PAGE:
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Second Vatican Council

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The intervening period between the first and second Vatican Council was a time for both social and religious revolution. After World War Two, the new medium of television bought the Civil Rights Movement, the Women’s Liberation debate and many other social and political issues into the lounge rooms of millions of people every night, sparking debate and fanning the flames of change. The Christian world did not escape this mood of change and in an unprecedented response, the Second Vatican Council was held. Between the time of the First Vatican Council and the Second Vatican Council the church was very conservative, traditional and remained virtually unchanged.

The First Vatican Council addressed issues like rationalism and liberalism, and attempted to keep them separate from Catholicism. (Encyclopaedia Britannica, 2012) However, in the 1940’s, 50’s and 60’s, concepts such as liberalism, communism, secularism, humanism, ecumenism and equality were all hot button issues that were affecting both the secular and religious world. Pope John felt that the First Vatican Council failed to address the pastoral aspects of the faith, so the Church decided to re-evaluate its practices and try to modernize the Catholic tradition by incorporating aspects of these ideologies into Catholicism. (Voice of Vatican 2, 2012) These religious paradigm shifts still influence our world today to a significant extent as topics discussed during the Council such as ecumenism, secularism, liberalism and equality continue to evolve within the Church today.

Vatican 2 was destined to be a radical shift from the conservative spirit which had overcome the First Vatican Council, and the general consensus was that the time was right for a review of the Churches practices. (González, Justo L. The Story of Christianity. Vol. 2, 1985) While the initial catalyst of the council was Pope John XXIII, many external changes in the secular world played a significant role in assembling the council. Since the time of the First council, secularism had taken off and the Church no longer had the political power it once did. (González, Justo L. The Story of Christianity. Vol. 2, 1985) The age of discovery was over, and independence and liberalism were strengthening. Both the face of Europe and history were changed by the devastation of the two world wars and the age of technology and communication had begun. (González, Justo L. The Story of Christianity. Vol. 2, 1985)

Thousands of young people were starting to protest and demand an end to inequitable treatment of black Americans and women, in addition to the many more protesting for an end to the war in Vietnam. The traditional and moral standards of the 1930’s and 1940’s were being challenged like never before. Discussions of contraception and abortion in the ‘Roe vs. Wade’ debate, the increasing number of public schools and secular humanism taking over as the new religion in the media were all issues the Catholic Church was facing during this period of cynicism and uncertainty. (My Father’s House, 2007) There was a growing tendency to distrust authority, and the Church needed to respond.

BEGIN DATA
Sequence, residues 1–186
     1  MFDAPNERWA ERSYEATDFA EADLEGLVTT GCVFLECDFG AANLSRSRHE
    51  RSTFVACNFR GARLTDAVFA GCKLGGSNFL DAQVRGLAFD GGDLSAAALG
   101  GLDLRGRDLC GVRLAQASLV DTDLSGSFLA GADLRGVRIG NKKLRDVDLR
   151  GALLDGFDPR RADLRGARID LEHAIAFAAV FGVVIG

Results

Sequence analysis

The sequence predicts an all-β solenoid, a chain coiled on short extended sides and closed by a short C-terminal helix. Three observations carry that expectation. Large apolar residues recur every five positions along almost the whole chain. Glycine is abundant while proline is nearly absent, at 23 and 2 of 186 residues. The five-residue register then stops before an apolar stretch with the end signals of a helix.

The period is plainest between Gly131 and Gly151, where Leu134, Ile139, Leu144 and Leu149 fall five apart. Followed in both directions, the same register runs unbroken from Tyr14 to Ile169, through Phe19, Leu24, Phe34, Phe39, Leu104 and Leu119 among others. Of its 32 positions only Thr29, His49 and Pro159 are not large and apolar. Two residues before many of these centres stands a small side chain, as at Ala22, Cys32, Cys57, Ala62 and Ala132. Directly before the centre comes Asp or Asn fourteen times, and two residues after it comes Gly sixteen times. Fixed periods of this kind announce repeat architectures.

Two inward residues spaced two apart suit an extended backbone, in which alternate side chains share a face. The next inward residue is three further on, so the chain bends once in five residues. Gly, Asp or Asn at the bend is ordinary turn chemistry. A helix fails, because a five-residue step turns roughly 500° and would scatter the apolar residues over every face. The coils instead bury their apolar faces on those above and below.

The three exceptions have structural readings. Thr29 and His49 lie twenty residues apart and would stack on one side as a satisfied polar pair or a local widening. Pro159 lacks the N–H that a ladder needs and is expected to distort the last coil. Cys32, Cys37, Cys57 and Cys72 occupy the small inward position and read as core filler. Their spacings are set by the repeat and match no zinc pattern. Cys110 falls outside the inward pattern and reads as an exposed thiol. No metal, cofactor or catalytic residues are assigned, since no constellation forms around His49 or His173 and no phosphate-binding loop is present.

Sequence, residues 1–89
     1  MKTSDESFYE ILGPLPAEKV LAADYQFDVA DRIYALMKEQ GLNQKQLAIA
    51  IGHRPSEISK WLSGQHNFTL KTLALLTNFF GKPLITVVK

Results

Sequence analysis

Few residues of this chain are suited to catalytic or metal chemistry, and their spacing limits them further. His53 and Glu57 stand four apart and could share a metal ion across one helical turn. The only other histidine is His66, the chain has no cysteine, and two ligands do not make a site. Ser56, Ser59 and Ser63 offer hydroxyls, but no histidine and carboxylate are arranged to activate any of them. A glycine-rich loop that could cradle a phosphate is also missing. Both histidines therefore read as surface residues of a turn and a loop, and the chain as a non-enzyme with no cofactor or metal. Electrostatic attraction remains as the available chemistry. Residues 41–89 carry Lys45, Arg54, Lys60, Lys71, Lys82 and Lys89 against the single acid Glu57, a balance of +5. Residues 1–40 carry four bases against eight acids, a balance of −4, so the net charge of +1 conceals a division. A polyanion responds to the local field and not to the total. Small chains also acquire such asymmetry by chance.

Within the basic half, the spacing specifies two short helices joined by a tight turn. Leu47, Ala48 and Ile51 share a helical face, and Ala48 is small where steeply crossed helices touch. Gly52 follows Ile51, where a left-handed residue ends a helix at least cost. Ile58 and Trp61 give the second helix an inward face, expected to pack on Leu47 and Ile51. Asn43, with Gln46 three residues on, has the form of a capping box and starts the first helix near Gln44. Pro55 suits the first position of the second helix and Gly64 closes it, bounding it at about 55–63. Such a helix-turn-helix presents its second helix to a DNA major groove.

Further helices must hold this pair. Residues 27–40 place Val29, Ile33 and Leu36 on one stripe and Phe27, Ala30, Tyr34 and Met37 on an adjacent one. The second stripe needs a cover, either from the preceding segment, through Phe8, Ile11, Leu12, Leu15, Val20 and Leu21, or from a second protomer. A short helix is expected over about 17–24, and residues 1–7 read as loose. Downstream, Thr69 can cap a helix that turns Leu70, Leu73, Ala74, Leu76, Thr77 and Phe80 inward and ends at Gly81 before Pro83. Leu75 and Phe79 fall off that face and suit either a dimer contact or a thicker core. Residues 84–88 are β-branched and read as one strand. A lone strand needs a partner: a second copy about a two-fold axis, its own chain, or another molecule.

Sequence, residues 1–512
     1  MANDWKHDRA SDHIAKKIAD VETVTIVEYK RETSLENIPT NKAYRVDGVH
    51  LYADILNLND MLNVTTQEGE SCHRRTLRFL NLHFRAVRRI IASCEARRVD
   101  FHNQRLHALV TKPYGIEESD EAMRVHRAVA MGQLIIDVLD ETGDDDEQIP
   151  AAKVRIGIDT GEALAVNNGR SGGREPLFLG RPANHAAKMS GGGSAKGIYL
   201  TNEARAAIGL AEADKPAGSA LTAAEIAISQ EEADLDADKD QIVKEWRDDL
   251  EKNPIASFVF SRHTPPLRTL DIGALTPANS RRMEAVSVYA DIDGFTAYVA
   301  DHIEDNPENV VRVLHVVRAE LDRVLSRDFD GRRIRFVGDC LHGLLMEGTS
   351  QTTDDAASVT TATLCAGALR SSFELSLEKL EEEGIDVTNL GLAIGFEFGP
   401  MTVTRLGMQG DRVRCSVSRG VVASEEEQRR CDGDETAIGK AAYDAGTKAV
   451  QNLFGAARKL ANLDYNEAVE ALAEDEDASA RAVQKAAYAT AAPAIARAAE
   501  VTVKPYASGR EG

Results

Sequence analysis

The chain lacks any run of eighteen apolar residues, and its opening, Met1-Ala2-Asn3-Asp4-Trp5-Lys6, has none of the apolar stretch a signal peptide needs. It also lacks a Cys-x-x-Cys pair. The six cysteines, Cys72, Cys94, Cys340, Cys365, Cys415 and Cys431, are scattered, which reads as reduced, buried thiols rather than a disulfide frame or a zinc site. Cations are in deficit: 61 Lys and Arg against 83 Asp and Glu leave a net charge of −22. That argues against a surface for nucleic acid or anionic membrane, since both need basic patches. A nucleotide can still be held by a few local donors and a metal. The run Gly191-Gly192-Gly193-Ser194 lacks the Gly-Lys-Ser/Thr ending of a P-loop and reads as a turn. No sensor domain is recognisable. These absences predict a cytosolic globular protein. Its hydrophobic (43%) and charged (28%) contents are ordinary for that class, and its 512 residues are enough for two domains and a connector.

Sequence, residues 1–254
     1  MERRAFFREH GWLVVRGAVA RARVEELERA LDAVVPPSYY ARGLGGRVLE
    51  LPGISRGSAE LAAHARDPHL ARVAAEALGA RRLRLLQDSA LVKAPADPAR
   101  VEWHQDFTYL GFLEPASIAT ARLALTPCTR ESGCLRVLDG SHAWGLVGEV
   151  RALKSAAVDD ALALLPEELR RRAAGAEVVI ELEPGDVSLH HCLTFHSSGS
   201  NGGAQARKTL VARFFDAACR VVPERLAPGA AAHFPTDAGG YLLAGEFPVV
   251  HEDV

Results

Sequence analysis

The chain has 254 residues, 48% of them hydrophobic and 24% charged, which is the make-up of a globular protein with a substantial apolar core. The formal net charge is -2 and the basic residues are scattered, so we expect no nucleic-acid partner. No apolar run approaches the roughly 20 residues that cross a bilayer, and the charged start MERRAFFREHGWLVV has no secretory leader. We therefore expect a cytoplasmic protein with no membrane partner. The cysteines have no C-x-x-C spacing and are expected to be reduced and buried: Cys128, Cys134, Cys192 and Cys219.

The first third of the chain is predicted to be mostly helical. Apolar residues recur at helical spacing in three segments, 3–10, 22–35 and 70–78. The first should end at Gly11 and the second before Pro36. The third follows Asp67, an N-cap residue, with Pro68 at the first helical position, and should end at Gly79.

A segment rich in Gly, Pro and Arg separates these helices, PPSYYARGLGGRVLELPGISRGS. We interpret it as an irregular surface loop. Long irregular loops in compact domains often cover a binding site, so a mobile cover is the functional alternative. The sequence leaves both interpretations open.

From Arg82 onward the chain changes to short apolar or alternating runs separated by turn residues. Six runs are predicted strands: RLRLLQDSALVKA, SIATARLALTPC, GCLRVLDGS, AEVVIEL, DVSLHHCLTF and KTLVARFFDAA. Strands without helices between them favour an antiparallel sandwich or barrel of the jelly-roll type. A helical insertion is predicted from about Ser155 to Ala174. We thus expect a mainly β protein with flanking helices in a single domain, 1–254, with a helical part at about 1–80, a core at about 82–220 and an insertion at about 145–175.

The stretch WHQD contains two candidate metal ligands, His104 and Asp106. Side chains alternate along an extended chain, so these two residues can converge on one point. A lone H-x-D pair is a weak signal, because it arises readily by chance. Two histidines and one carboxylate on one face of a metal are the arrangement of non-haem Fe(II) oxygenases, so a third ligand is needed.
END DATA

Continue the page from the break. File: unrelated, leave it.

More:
In a rare acknowledgement of current trends, Pope John XXIII called a council to re-evaluate the Churches practices and address the pastoral elements that were ignored during Vatican 1. The First Vatican Council was started by Pope Pius IX, in an attempt to defend Catholic followers from the influences of liberalism, modernity, the French Revolution and the Enlightenment while encouraging biblical literalism and Papal authority. (Encyclopaedia Britannica, 2012) This period between the First and second council placed great emphasis on upholding traditional values, beliefs and practices. During this time, the priest was seen in a very authoritative light; he never faced the congregation whilst performing mass and he always spoke in Latin. (Mark Pattison, Church News, 2005) There was also very little participation of the laity, meaning that there were no readers or ministers, everyone was just a mere observer. Communion was always received on the tongue in a kneeling position and marriage between Catholics and non-Catholics was frowned upon. (Mark Pattison, Church News, 2005) This was a very conservative and traditional time, in which the Church was very in-ward thinking. However, with growing pressure from the secular world to make the Church to adopt a more modern way of thinking, the Pope felt that changes needed to be made and he decided to hold a Second Vatican Council.